FamilyFun - - NEST -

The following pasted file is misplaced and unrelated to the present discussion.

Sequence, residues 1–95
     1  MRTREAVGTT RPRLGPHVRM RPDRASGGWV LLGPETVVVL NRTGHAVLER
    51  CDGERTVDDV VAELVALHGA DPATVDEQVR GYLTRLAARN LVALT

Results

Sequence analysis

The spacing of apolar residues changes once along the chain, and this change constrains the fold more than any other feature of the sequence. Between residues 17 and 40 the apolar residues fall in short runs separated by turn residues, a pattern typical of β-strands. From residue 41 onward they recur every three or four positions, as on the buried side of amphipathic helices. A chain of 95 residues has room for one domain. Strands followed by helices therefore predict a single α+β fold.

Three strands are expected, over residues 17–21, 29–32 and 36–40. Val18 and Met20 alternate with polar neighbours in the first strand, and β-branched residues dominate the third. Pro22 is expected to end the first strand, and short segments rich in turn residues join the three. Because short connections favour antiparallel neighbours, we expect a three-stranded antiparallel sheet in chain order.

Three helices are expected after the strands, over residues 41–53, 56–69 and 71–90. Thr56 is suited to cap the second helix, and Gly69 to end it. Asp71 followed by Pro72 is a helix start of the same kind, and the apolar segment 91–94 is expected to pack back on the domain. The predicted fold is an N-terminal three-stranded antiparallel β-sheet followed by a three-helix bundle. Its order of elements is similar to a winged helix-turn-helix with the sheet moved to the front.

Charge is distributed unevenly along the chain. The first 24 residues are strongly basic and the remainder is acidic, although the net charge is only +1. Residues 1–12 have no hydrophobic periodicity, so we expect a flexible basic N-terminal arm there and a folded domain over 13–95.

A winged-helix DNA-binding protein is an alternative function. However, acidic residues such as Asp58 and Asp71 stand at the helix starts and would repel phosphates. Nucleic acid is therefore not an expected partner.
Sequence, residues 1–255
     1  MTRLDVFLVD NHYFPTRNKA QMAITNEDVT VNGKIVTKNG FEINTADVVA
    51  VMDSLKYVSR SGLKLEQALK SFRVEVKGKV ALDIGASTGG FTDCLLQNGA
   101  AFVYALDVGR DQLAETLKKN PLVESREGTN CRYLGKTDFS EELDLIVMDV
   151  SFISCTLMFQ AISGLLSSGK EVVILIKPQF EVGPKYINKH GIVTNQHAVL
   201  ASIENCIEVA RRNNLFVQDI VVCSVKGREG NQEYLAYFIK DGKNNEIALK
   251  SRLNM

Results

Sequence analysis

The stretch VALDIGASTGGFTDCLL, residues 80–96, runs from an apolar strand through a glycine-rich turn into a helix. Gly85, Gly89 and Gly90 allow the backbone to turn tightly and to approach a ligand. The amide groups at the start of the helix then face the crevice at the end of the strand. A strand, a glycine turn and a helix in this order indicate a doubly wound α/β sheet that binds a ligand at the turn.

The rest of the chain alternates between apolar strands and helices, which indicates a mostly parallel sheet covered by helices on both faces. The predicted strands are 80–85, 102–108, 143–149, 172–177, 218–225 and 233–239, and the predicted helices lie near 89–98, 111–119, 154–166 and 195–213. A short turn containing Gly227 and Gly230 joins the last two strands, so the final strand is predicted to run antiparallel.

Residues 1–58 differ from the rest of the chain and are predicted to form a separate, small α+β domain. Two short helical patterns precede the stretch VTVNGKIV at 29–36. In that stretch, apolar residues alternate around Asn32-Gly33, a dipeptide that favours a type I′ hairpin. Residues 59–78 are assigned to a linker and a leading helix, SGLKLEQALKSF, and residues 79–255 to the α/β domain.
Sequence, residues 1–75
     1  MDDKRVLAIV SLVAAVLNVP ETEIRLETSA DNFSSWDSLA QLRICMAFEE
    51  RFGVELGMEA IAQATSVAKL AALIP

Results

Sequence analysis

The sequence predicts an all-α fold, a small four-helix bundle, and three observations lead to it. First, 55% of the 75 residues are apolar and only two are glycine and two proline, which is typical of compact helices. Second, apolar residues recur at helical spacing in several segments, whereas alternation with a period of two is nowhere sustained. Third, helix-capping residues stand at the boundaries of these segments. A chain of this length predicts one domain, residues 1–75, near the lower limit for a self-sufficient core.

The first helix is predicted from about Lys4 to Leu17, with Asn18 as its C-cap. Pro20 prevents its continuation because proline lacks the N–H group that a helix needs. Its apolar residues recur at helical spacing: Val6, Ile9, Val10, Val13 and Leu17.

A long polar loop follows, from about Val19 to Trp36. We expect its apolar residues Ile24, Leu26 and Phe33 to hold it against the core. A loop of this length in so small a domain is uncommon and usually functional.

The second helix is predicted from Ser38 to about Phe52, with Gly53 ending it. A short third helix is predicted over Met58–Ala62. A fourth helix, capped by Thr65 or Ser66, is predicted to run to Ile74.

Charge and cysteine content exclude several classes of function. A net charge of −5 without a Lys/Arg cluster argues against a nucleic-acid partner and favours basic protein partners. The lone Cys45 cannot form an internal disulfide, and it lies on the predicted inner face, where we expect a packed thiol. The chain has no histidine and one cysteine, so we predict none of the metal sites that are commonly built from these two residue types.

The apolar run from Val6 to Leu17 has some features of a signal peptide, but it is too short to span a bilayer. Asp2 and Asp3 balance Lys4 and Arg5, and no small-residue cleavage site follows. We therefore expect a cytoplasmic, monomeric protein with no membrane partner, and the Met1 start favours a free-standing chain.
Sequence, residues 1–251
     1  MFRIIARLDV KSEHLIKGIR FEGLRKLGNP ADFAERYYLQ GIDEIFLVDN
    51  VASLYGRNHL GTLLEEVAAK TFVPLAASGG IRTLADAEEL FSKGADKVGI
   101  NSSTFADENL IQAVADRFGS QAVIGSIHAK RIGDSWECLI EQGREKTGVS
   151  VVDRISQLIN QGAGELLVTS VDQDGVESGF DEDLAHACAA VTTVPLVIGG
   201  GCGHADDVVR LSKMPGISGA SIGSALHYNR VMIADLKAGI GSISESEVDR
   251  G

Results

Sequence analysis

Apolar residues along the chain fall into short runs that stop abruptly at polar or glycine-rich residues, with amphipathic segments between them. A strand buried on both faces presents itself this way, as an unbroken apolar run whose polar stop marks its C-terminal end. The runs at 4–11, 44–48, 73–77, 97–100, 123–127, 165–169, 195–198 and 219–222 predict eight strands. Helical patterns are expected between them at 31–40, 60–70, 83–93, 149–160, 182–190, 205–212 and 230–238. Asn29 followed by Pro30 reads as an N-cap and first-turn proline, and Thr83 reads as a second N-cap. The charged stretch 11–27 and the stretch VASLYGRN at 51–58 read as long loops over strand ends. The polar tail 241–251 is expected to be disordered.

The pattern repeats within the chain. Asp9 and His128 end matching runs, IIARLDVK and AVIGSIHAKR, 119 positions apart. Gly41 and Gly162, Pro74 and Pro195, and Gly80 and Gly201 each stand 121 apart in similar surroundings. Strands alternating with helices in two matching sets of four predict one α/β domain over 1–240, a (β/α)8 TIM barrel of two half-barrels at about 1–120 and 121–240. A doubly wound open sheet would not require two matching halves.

If your kids are into video games any­way, bond with and/or hor­rify them by show­ing them the an­cient video games you had to deal with as a child. There are a few ways to do this: You can get an Atari sim­u­la­tor at Tar­get for about $40, and Nin­tendo has re­leased new (and tiny) “Clas­sic Edi­tion” plug-and-play ver­sions of its NES and Su­per Nin­tendo con­soles ($60 and $80 re­spec­tively). The NES Clas­sic Edi­tion comes pre­loaded with 30 games, in­clud­ing Su­per Mario Bros. 3, Metroid, The Leg­end of Zelda, Dr. Mario, and Castl­e­va­nia. The Su­per NES Clas­sic has Street Fighter II, Su­per Mario World, Su­per Mario Kart, and Su­per Metroid. Best part: Both let you save points, so hit­ting the power but­ton no longer means oblit­er­at­ing your progress! Bonus: If your kids are into Minecraft, the graph­ics and game­play on a Su­per Nin­tendo will seem like some im­pos­si­ble magic from the fu­ture. (If you’re not bad with bits, build yourself a de­vice called a Rasp­berry Pi, a bare-bones hock­ey­puck-size com­puter onto which you can down­load ba­si­cally any game re­leased be­tween 1975 and 1996. We ad­vo­cate only down­load­ing games you paid for, of course. But for un­der $100 and with a lit­tle bit of Googling, you can ac­cess an en­tire Ready Player One’s worth of clas­sic gam­ing.)

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